This creates a sometimes-great dynamic of careful, strategic hit-and-runs between the agility-based approach of most of the fighter aircraft and the brute force of the Strike Suit. There are moments where Strike Suit Zero reaches a magical convergence point where all of its mechanics, aesthetics and game design come together — maybe where you rush out to destroy the torpedoes headed toward your capital ships, zoom toward a colonial Corvette with rockets firing, and use the resulting built up flux to destroy enemy fighter after enemy fighter as the Strike Suit only to zip away from a cruiser's missiles none the worse for wear. This is when Strike Suit Zero feels the most like what it aims to be — a merging of the best of space combat games past with a more kinetic, powerful action game.
But sometimes that grace collides with a capital ship-sized wall. In its quest to present giant space battles with overwhelming odds, Strike Suit Zero follows those odds too often. Even constant battlefield vigilance isn't enough to keep track of everything happening in some of Strike Suit Zero's latter-half missions, and that can lead to quick death and endless checkpoint restarts. These checkpoints are doled out far too rarely and often require minutes of waiting for things to happen.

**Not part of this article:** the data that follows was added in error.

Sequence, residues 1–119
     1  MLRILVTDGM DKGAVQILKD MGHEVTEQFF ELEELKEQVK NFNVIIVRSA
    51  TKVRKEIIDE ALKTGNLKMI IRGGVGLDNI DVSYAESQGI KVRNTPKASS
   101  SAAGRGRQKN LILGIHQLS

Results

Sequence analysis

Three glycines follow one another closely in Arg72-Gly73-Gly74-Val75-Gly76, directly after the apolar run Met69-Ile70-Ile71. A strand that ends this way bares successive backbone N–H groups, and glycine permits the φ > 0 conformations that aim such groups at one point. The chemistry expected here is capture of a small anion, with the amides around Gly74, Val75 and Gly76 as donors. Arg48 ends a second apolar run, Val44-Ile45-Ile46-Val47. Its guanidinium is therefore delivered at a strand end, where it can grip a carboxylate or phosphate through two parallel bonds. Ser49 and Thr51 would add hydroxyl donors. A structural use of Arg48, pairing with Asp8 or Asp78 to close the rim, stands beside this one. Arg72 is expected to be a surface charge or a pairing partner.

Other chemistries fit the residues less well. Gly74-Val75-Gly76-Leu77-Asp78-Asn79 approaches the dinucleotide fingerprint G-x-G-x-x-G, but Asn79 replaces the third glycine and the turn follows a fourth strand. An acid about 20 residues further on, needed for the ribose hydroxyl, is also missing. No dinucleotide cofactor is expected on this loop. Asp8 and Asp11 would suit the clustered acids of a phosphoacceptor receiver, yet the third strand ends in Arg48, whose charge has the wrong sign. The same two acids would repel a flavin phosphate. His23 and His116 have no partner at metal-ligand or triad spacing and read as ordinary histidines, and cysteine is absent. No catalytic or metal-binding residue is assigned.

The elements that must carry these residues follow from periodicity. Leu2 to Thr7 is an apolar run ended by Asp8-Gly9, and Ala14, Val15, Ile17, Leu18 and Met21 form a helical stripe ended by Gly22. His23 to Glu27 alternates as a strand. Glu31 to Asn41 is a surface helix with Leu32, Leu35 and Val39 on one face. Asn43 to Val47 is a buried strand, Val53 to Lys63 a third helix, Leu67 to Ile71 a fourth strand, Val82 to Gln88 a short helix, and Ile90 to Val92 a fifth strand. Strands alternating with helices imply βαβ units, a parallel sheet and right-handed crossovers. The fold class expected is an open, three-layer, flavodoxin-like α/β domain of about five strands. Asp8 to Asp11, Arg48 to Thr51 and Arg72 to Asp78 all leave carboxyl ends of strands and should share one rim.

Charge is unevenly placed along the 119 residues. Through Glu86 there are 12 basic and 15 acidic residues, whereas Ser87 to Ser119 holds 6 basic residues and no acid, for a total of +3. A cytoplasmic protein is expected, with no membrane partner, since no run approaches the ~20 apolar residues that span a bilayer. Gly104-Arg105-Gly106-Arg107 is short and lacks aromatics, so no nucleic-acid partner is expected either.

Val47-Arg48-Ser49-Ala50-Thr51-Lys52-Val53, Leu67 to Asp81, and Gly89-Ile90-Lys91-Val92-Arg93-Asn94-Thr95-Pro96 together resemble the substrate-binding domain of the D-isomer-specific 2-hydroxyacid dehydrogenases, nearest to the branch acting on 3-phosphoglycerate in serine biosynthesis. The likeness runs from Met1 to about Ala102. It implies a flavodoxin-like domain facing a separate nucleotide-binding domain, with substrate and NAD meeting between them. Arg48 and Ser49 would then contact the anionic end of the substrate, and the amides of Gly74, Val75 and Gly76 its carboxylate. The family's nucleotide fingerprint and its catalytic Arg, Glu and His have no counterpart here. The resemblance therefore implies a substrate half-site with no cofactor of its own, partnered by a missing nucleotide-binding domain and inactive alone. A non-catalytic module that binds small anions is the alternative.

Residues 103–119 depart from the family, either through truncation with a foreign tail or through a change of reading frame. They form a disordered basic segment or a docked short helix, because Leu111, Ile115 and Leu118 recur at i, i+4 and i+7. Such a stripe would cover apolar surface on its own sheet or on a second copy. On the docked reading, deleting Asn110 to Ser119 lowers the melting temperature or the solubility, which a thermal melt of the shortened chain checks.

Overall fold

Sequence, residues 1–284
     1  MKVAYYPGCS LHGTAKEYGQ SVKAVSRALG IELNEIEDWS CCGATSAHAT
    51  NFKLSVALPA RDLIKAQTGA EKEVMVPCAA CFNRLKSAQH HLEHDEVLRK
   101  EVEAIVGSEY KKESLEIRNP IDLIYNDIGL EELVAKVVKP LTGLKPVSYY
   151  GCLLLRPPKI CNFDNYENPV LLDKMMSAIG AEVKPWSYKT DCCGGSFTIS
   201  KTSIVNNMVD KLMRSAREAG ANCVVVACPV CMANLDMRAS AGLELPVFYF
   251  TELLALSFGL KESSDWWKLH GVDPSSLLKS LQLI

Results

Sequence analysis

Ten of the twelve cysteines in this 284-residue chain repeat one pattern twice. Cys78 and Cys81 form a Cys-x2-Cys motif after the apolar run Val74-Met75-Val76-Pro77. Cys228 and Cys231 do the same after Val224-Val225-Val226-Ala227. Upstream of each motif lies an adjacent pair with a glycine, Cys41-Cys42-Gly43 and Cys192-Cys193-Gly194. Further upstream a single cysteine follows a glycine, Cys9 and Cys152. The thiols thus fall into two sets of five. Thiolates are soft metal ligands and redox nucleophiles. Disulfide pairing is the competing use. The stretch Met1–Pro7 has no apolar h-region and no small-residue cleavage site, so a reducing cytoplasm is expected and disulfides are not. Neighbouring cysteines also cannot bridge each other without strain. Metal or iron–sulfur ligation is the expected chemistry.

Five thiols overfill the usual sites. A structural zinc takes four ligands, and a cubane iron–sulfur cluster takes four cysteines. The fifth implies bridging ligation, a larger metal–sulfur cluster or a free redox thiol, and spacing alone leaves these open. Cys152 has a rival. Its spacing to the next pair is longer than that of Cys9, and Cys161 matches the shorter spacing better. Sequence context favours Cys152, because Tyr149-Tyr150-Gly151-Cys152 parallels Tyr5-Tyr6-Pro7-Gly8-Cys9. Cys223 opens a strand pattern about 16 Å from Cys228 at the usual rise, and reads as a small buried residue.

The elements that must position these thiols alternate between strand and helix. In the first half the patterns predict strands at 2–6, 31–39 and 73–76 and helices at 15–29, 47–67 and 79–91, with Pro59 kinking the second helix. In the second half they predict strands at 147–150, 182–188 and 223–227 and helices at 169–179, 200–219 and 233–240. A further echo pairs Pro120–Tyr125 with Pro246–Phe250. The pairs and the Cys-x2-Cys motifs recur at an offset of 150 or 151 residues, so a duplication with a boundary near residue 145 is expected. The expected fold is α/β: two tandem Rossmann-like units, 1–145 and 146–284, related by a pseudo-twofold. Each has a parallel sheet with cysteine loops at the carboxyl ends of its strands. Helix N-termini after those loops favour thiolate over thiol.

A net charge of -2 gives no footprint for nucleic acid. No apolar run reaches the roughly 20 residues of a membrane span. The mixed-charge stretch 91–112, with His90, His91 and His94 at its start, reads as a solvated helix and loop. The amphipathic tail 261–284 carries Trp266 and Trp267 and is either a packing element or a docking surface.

This last part isn't an exaggeration. In what seems to be an attempt to introduce tension or finesse pacing, Strike Suit Zero frequently has you fly around — again, waiting for things to happen for several minutes — or flying for a minute or two toward a specific rendezvous point, or some other bit of busy work. This is never particularly obtrusive the first time, but after being thrown back to a checkpoint a few times, it starts to add up. Combined, it feels like egregious padding.
Strike Suit Zero falls victim to a design sensibility that bleeds all the fun out of the game
Worse, Strike Suit Zero actively punishes you for restarting at a checkpoint, knocking a fairly heavy penalty against your mission clearance score. Even if you're not the score-chasing type, mission performance is tied to getting mission-specific ship upgrades that are extremely helpful for surviving later on.
Punishment is an apt description. Strike Suit Zero falls victim to a design sensibility that tends toward punishment and penalty. It crosses the line from tough but fair to unnecessarily difficult, and as I died suddenly and without much warning, over and over, the fun I was having slowly bled out of the game.
Strike Suit Zero is undermined by difficulty and pacing
Strike Suit Zero is a collection of excellent mechanics and ideas marred by unfriendly level design and bad pacing. Born Ready has promised additional patches for Strike Suit Zero to tweak the difficulty and add support for things like the Oculus Rift headset. It's promising that the developer understands that it might have more work to do to make Strike Suit Zero the game it should be. But it's difficult to recommend without the heaviest of qualifications, that it might, maybe, live up to its potential.
Strike Suit Zero was reviewed using code provided by the developer. You can find additional information about Polygon's ethics policy here.About Polygon's Reviews